USGS retested water samples in Pavillion after questions were raised over the original draft report released in December last year, which linked contaminated drinking water in the town to hydraulic fracturing operations by Canadian gas giant Encana.
Wyoming officials including Governor Matt Mead depicted the Environmental Protection Agency report as insufficient and called for more sampling, more data, and more participation by state regulators.
Encana, which maintains that its operations are not to blame for the contaminated Pavillion water, blasted the December report’s “numerous flaws” and took particular issue with the monitoring wells the EPA used for testing.
On Wednesday, the USGS released the raw data of its findings and a detailed explanation of its methodology, but did not interpret the results.
The USGS reports “are intended to provide additional scientific information to decision makers and all interested parties on the composition of the groundwater represented in the aquifer underlying Pavillion,” David Mott, director of the USGS Wyoming Water Science Centre, said in a statement.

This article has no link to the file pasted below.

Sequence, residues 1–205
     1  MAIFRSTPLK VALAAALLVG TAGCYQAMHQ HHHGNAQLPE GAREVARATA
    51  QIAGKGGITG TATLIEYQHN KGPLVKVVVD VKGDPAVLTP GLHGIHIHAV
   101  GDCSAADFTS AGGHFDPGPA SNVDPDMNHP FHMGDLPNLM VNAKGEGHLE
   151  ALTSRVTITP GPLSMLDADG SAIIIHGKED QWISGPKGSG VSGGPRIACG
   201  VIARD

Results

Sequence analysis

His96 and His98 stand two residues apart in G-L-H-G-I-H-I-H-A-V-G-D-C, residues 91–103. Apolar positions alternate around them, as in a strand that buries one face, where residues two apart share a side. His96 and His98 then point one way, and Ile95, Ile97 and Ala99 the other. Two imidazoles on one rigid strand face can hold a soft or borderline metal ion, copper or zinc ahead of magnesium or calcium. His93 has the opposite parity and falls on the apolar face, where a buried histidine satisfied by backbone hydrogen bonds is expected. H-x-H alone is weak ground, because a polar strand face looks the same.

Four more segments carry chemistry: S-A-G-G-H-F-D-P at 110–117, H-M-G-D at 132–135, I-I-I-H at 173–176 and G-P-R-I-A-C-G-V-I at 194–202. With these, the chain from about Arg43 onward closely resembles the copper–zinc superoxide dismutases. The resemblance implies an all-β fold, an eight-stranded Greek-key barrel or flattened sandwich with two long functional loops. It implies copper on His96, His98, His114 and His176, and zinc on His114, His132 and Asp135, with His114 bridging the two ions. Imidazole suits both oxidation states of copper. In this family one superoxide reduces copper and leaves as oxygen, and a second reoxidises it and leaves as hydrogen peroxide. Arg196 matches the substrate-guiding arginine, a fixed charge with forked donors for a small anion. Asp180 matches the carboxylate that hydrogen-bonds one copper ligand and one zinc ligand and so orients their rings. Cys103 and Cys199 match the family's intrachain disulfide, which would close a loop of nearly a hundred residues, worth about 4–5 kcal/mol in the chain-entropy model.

“While USGS did not interpret the data as part of this sampling effort, the raw data results are adding to the body of knowledge to support informed decisions.”
The USGS said it tested water samples at the request of the State of Wyoming and in co-ordination with the EPA. It said not interpreting the data was “consistent with (its) co-operative agreement with Wyoming”.
USGS and EPA data will now be put to a peer review.
An EPA spokeswoman was quoted as saying the latest data are “generally consistent” with the agency’s original findings.
Encana spokesman Doug Hock said the company’s initial take is that “there’s nothing surprising in the data”.
“More important is the fact that USGS only sampled one of the two monitoring wells. This goes to the heart of concerns raised by state and federal agencies, as well as Encana — EPA’s wells are improperly constructed,” Hock added.
He said Encana is working on its own analysis of the data and hoped to have it available by the end of the day Thursday.
Pavillion is one of the main battlegrounds in the fight between environmentalists who say fracking poses an unacceptable risk to public health and oil and gas operators who content the completion method is safe.
EPA’s December draft report pointed out that its findings “are specific to Pavillion, where the fracturing is taking place in and below the drinking water aquifer and in close proximity to drinking water wells”.
Such production conditions “are different from those in many other areas of the country”, the EPA said at the time.